'Productivity isn't everything, but in the long run, it is almost everything. A country’s ability to improve its standard of living over time
    depends almost 
entirely on its ability to raise its output per worker’ 
    P. Krugman (1992), The Age of Diminished Expectations: U.S. Economic Policy in the 1980s, MIT Press, Cambridge.

The importance of productivity in Australia's growth in living standards can be illustrated by using a simple relationship between productivity and average income. It takes advantage of the fact that GDP represents both output and income generated in the economy (Box 2).

In words, the growth in average income is equal to the sum of growth in GDP per hour and growth in hours per capita.

GDP per hour is a broad measure of labour productivity.

Hours per capita (across the whole population) is referred to as 'labour utilisation'. It captures demographics (the proportion of the population of working age), labour force participation, the employment/unemployment rate and average hours worked.3

Box 2 Decomposition of growth in average income

The growth in average income can be decomposed into contributions from productivity growth and growth in labour utilisation.

This decomposition of growth in GDP per capita illustrates one aspect of the Krugman adage -- productivity isn't everything. Increases in labour utilisation are an alternative source of improvement in living standards. Consequently, a measure that increased the employment rate, but had a neutral (or negative) effect on productivity, would (or could) improve living standards.

Using this decomposition formula, we see in Table 3 that GDP per capita accelerated by 1.1 percentage points from the baseline to the surge period.5 That's a 70% increase in the rate of growth in average income. Labour productivity growth accounted for two-thirds of the acceleration.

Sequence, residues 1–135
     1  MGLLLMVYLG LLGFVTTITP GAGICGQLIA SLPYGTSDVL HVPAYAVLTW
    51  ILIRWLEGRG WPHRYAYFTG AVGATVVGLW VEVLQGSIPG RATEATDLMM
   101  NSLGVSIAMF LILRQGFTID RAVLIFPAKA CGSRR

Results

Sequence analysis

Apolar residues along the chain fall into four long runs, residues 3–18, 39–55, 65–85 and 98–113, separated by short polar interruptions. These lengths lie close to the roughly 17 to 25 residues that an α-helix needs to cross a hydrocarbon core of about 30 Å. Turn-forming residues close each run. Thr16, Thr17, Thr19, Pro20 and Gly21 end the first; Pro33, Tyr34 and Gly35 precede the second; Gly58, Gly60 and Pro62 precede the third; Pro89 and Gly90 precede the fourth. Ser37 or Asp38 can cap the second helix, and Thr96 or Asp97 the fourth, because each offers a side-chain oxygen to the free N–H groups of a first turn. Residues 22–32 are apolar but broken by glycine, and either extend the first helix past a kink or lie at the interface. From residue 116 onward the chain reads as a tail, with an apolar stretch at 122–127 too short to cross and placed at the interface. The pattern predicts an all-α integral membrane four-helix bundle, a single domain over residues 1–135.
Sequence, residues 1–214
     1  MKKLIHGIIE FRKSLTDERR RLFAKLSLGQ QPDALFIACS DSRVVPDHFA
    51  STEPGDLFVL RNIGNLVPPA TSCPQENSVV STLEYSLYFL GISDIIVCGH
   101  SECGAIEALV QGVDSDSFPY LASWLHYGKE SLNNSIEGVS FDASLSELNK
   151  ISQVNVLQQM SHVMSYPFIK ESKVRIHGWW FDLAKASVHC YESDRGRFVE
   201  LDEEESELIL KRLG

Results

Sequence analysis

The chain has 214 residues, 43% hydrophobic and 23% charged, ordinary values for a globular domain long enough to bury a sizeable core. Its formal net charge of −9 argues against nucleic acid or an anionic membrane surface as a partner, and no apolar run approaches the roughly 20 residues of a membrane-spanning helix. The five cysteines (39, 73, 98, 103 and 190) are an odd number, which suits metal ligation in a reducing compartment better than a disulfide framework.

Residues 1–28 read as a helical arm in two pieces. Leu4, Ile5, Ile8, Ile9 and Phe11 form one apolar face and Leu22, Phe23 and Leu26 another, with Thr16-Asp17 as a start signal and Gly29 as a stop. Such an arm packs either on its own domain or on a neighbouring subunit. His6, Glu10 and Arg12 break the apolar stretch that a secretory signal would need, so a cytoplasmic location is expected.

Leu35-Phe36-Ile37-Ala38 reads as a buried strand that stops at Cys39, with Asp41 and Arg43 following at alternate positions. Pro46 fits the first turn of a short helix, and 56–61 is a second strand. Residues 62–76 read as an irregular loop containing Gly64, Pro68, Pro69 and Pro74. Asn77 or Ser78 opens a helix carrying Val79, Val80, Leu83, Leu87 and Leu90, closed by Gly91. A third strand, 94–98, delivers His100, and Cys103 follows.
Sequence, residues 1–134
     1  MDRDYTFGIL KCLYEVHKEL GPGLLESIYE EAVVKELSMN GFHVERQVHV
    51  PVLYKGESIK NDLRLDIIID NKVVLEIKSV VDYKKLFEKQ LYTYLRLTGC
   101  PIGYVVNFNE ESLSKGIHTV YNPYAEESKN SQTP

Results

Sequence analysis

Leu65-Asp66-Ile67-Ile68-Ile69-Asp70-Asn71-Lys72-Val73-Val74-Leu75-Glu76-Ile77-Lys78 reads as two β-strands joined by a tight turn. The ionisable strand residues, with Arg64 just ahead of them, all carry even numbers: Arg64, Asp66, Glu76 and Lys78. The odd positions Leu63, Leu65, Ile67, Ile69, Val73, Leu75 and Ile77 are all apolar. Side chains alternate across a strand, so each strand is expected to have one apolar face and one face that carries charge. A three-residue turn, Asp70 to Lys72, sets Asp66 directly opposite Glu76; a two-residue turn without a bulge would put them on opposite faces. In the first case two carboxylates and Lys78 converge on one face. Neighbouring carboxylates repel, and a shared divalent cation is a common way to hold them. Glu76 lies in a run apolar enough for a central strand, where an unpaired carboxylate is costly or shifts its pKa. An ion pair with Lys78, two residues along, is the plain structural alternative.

Growth rates (per cent per annum) and percentage point contributions
Calculated as differences in natural logs
Source: My calculations based on data from ABS Cat. No. 5204.0

In short, additional productivity growth in the surge period brought a substantial increase in the rate of growth in Australian living standards.

To finish off, the decomposition also illustrates the other aspect of Krugman's adage -- productivity is almost everything in the long run. When the decomposition is applied to the entire period of the last four decades, GDP per hour worked accounts for very close to all of the growth in GDP per person. [Link]

  1. From Table 1, the acceleration in labour productivity, 1.11 pp, is the acceleration in output (1.80 pp) less the acceleration in labour (0.69 pp). The acceleration in capital productivity is 1.79 pp (1.80 pp less 0.01 pp). 
  2. See PC (1999), Chapter 2 for the context, objectives, nature and implementation of microeconomic reforms. Banks (2012) discusses a more general notion of 'reform' and what makes for successful reform.
  3. H/P = W/P*R/W*E/R*H/E where the first term on the right hand side is the proportion of the population of working age, the second is the participation rate of those of working age, the third is employment rate of those participating and the final term is the average hours worked by those in employment. 
  4. The ABS productivity data records a 16% decline in hours worked in wholesale trade between 1993-94 and 2003-04. 
  5. The 1970s brought some major changes in labour utilisation, when unemployment grew. I consider the period from 1981-82 to be more representative of the baseline period. Taking the growth rate in average income from 1974-75, instead of 1981-82, makes little difference. However, the contribution of labour productivity increases and the contribution of labour utilisation turns negative.

Key references